In February 2015, Apple announced that it would begin offering public beta tests for future versions of its mobile operating system in response to consumer complaints about widespread quality control issues in iOS 8. When iOS 8.0.1 launched in late 2014, it came with a serious bug that broke the Touch ID feature in iPhones. Many users experienced wireless connectivity problems on mobile networks following the release as well.
Now, just a few years later, Apple reports that it has over 4 million people participating in its public beta programs.
“In June, we hosted an extremely successful developers conference that previewed many major advances coming this fall to our four operating systems: iOS, macOS, watchOS and tvOS,” said Apple CEO Tim Cook during an investor conference call. “Developer and customer reaction has been very positive and we have over four million users participating in our new OS beta programs.”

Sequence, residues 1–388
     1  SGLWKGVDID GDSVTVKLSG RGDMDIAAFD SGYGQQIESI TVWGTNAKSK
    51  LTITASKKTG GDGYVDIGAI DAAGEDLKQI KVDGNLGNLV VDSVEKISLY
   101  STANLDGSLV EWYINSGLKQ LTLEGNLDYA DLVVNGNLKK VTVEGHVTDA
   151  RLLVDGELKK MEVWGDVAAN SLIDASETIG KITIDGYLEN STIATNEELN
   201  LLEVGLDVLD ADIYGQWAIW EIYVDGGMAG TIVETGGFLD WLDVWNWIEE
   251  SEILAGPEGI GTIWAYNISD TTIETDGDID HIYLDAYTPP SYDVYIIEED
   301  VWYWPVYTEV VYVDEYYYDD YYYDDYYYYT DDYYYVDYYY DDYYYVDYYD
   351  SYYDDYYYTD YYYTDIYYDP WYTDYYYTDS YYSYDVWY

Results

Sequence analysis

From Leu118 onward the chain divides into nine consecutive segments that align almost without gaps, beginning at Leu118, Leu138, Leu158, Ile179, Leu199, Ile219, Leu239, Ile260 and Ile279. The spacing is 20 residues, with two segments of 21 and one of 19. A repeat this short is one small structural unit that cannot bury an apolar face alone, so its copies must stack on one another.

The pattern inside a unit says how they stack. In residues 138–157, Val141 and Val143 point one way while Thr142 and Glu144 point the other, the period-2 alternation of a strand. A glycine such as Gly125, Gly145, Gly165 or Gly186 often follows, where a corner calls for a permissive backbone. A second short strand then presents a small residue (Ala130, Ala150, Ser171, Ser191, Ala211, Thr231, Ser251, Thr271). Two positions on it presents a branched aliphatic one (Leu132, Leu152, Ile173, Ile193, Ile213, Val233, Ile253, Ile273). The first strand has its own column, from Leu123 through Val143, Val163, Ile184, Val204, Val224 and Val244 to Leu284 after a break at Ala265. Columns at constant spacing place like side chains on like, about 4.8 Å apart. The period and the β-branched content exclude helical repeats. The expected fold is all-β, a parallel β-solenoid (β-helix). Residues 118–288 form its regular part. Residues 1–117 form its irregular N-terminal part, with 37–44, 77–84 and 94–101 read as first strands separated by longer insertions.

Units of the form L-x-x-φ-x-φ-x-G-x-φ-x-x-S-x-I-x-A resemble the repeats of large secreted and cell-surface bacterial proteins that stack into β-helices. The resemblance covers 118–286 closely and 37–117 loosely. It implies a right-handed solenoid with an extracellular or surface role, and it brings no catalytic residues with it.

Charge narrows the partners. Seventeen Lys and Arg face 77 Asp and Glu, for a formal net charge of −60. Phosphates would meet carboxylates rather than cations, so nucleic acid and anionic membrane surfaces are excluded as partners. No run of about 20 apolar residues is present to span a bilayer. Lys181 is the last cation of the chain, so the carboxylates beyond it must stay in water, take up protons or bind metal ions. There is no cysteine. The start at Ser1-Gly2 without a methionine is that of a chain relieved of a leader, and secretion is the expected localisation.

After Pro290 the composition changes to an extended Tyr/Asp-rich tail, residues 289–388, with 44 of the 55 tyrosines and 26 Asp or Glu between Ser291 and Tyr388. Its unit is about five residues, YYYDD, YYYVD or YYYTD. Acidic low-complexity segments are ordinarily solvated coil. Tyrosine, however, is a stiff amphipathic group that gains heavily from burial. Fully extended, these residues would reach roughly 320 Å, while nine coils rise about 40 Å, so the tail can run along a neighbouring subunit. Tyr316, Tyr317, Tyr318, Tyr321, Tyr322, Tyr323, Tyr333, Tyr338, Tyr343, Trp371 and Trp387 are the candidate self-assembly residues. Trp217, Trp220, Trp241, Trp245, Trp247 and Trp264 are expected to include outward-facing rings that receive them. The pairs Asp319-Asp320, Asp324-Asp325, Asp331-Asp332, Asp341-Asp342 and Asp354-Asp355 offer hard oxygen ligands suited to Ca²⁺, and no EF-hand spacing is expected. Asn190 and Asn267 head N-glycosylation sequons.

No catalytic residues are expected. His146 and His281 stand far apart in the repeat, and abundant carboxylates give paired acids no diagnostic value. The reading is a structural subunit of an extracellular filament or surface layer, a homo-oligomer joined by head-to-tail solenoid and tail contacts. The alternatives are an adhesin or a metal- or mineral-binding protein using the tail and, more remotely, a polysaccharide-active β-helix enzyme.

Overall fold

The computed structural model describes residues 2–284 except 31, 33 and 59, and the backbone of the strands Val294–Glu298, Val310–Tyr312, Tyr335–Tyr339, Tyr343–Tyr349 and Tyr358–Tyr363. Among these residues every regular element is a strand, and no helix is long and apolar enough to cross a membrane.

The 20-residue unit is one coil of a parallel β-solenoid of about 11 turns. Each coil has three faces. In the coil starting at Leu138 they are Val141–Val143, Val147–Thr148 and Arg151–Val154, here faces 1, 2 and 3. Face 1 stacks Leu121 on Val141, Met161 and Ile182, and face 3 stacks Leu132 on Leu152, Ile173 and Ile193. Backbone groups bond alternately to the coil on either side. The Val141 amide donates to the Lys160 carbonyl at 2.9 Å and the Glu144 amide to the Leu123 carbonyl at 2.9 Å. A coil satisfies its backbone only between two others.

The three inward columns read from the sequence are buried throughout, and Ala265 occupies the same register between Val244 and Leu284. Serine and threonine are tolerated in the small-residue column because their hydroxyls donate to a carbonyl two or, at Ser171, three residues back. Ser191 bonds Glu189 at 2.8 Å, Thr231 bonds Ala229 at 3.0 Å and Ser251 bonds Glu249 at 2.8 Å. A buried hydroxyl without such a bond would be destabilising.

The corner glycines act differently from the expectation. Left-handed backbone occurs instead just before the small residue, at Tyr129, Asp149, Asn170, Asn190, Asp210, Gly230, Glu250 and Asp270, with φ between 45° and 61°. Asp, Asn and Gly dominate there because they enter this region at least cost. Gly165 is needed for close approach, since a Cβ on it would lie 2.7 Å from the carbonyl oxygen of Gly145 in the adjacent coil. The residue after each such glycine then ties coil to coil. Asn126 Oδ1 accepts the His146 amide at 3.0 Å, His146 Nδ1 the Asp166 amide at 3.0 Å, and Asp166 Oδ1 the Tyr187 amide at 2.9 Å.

But even with its legions of beta testers, Apple has continued to release software updates that come loaded with frustrating, and occasionally dangerous, bugs. This has left some industry analysts to wonder if crowdsourcing the company’s beta testing duties is really an effective solution to their quality control issues. Rather than submitting useful feedback to Apple’s software developers, many participants in the public beta programs may simply be hoping to get a sneak-preview of their operating systems’ newest features. Hosting public betas is certainly a savvy PR move, but ordinary users can’t reasonably be expected to eradicate bugs in Apple’s software for them.
At Beta Breakers, our dedicated team of software QA professionals has the necessary know-how and experience to conduct thorough, effective beta tests for our clients. These days, we’re using powerful test automation tools like Appium and Selenium to make our testing operations more flexible and efficient than ever. To learn more, feel free to give us a call or contact us online today!